12 Incredible Life-Saving Facts That Everyone Should Know!

By Sughra Hafeez in Facts and DIY On 22nd August 2015

#1 If you get stuck in a riptide, remain calm and swim parallel to the shore; if you swim towards the shore, you will tire faster.

Before we get any further, let's understand what riptides are. Firstly, they are not so much tides as currents; secondly, these currents move from the shore to the sea with startling rapidity and are powerful enough to drag an unsuspecting person with them. Statistics indicate that 80% of all open-water rescue attempts are because of riptides, which claim over 100 lives every year.

Most are quick to assume that deaths caused by riptides are a result of the current pulling the person under; however, it is more likely that the person begins swimming against the rip in panicky desperation, becomes tired, and drowns. It shows more sense on your side, therefore, were you to swim parallel to the shore, perpendicular to the rip. Once you traverse the rip, swim towards the shore at an angle.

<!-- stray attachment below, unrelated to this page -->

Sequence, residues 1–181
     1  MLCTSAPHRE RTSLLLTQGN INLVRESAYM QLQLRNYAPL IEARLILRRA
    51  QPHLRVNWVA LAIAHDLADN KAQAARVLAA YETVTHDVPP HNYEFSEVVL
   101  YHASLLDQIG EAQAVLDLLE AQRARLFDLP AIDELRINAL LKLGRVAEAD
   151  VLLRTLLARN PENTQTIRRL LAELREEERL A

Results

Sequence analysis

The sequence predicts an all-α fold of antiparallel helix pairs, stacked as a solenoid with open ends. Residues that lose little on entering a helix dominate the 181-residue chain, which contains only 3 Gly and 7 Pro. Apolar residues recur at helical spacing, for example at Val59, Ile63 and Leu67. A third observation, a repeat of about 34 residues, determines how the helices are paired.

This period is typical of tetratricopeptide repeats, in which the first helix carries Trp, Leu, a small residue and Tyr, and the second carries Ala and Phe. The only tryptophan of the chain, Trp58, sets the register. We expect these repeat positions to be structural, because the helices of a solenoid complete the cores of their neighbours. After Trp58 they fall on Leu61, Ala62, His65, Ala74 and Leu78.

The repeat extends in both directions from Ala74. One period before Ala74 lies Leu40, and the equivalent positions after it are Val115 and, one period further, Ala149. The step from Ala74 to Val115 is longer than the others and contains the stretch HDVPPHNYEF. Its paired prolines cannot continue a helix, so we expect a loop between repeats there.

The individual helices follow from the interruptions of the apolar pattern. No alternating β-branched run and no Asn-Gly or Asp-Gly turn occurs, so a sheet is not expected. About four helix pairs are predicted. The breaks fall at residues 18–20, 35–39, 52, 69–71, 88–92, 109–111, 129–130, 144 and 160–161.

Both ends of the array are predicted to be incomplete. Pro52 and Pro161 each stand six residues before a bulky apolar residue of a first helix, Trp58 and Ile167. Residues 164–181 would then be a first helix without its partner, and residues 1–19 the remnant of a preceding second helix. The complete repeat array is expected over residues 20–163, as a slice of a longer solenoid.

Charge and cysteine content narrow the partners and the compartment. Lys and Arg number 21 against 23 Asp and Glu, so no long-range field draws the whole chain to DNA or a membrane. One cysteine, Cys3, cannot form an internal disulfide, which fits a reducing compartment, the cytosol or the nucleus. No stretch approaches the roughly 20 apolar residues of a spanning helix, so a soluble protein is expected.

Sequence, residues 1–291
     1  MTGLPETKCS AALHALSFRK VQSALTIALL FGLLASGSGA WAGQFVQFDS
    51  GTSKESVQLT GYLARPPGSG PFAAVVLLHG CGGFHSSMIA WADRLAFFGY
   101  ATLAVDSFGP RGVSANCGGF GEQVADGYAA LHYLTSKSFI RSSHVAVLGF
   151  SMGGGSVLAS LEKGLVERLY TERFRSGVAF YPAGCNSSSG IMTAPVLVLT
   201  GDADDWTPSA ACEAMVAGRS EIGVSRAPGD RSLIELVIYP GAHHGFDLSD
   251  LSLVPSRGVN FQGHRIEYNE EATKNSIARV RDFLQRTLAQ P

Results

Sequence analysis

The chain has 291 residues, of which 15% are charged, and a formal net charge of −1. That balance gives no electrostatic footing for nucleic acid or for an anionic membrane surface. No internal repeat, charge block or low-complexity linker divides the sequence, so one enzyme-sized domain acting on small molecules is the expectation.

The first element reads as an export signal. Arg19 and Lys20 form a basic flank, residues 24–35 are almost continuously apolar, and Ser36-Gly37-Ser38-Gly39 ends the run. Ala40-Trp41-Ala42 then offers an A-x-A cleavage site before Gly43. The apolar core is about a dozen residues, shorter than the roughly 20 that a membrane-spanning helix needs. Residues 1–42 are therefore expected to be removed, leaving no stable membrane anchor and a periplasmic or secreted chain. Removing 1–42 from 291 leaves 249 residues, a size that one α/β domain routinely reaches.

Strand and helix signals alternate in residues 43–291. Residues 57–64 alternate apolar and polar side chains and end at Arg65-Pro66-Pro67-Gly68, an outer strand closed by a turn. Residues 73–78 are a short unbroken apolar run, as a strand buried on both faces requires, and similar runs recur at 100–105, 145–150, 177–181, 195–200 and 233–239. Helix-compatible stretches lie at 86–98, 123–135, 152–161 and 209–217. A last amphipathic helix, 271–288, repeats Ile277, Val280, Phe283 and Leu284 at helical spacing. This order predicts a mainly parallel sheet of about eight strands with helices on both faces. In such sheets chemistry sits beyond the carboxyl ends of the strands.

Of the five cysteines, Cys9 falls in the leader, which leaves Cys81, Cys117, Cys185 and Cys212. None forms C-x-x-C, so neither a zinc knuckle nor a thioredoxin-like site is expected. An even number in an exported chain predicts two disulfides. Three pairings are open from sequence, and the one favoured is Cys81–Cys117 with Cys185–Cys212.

#2 If and when you might be crying for help, call out to specific people: something like – “You in the green shirt!”. This will prompt people to act and not be affected by the bystander effect.

When you find that your survival is threatened, remember the rule of the threes (although this may change from person to person depending on one's body):

3 minutes without air

3 hours without shelter against the elements

3 days without water

3 weeks without food

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#4 If you see a photo (particularly that of a child), and the person has a red-eye from the flash in only one eye, this could be a sign of retinoblastoma – a type of eye cancer.

Retinoblastoma is a malignant tumour on the retina, caused primarily due to excessive growth of retinoblasts (the cells that constitute the retina). These tumours can spread to other parts of the eye as well as other organs. Often, those diagnosed are children below the age of 5, with over 300 children diagnosed in any given year.